Born in 1974, Jitish Kallat is one of the best known and respected artists from India on the international scene. For over 20 years his wide-ranging and deeply reflective work has drawn an imaginary map connecting the everyday to the cosmic. Phase Transition is Jitish Kallat’s third solo exhibition in Paris and marks the artist's return to painting after close to a five-year hiatus from the medium.

For the past five years, Kallat’s long-standing engagement with the ideas of time, transience, sustenance and the cosmological took the form of large elemental drawings, and investigative animation videos, photo-works and sculptures.

Kallat’s newest works, titled Palindrome/ Anagram Paintings, draw upon insights from his varying artistic explorations, as well as his work from the mid-nineties, to produce a radical linguistic renewal accomodating a wide array of his recurring preoccupations. A hand-drawn graph undergirds the paintings as well as the Untitled (Emergence) Drawings a suite of small works on gesso panels. Like a ‘palindrome’, the large paintings can be read in multiple orientations, and are essentially ‘anagrammatic’ in that they reorder various components to create a sweeping web-work of associations. Abstract gestures seem to crystallize, acquire perceptible form and resonate with meaning as if celestial orbits, geographical coordinate systems, botanical and topographical evocations begin to reveal the signatures of generative growth, evolution and entropy.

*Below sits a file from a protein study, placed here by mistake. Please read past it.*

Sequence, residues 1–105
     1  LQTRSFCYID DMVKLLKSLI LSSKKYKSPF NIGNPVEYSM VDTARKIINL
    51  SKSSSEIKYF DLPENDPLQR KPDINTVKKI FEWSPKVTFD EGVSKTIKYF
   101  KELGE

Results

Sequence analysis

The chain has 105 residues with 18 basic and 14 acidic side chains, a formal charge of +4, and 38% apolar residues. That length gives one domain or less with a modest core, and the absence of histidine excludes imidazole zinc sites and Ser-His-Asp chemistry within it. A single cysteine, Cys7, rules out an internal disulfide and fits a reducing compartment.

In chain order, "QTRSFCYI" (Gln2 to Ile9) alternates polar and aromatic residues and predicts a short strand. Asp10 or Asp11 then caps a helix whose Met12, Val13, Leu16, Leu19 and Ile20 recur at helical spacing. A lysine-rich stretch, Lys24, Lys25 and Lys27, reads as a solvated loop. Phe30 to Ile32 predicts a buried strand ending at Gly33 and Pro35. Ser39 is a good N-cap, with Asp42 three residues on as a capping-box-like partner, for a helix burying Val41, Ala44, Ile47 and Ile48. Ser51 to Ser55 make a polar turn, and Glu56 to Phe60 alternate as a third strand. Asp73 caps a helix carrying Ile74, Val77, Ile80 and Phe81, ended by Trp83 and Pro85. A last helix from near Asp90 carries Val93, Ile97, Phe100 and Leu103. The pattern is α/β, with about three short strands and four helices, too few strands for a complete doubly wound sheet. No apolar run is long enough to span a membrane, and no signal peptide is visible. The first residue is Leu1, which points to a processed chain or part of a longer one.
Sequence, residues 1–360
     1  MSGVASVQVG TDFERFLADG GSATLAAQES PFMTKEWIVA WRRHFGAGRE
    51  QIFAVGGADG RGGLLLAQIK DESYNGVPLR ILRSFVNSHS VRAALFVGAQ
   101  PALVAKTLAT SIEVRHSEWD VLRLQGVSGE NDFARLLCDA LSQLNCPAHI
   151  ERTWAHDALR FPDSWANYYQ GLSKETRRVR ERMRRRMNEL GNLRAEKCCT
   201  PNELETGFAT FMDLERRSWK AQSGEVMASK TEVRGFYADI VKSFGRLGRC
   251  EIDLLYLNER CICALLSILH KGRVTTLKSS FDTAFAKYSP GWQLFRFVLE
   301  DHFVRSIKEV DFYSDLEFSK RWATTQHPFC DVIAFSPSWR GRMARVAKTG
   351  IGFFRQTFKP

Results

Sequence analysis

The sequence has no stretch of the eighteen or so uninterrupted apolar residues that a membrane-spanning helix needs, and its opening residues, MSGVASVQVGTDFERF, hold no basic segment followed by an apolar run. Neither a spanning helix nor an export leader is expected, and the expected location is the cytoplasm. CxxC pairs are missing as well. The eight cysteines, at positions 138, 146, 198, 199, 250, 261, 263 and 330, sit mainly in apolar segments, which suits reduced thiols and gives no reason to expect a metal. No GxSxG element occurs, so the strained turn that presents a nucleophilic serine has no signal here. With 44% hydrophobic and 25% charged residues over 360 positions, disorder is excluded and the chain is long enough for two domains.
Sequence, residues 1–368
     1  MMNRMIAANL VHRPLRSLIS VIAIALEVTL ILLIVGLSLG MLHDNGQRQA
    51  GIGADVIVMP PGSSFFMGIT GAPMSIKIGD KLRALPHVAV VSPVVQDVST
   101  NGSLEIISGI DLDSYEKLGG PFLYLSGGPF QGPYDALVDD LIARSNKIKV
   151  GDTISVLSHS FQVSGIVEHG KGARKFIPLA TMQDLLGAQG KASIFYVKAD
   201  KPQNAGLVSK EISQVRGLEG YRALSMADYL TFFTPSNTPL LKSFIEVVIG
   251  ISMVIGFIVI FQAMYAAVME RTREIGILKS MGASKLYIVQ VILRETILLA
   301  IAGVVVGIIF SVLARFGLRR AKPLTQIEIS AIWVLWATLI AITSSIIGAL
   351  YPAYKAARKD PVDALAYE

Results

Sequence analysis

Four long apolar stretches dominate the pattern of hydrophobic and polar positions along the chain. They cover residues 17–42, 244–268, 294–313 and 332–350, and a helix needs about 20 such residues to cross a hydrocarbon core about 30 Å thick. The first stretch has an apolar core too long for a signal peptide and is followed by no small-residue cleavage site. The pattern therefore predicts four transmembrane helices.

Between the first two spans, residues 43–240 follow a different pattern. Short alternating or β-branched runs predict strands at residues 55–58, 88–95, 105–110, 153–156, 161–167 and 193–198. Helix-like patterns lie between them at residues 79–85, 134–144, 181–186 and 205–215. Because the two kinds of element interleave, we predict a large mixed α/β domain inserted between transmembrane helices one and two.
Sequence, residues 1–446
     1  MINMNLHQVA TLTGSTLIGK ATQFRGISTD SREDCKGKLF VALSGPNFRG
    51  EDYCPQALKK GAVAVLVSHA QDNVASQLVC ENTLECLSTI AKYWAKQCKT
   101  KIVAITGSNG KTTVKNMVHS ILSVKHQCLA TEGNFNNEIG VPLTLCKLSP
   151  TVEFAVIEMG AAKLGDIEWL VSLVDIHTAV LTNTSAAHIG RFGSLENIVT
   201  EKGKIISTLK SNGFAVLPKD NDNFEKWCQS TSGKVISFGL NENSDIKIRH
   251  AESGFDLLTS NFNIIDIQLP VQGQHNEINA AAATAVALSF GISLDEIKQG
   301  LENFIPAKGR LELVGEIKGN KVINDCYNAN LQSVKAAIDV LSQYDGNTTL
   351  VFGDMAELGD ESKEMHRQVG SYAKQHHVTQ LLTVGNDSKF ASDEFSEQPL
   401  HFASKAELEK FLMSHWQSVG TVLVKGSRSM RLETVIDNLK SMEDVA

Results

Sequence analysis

The seating within the gallery space has been altered by Kallat to assume the shape of the two hands of the Doomsday Clock, a conceptual clock that has been maintained and updated annually by members of the Bulletin of the Atomic Scientists’ Science and Security Board since 1947. It uses the analogy of the countdown to midnight – symbolising the apocalypse – to denounce the threats hanging over humanity. This symbolic seating, highlighting the ‘two minute to midnight’ setting of the clock as of 2018 serves as a platform for possible interactions offering a fresh perspective on the works.

In the gallery basement, viewers can see where the roots of this new work lie, with drawings such as his series of Rain Studies, a meteorite-like sculpture covered with eyes of numerous species titled Covariance (Sacred Geometry), and the photographic work titled Sightings D7M6Y2017, where a fruit’s surface becomes a supernova, contemplating the macro as manifesting within the micro.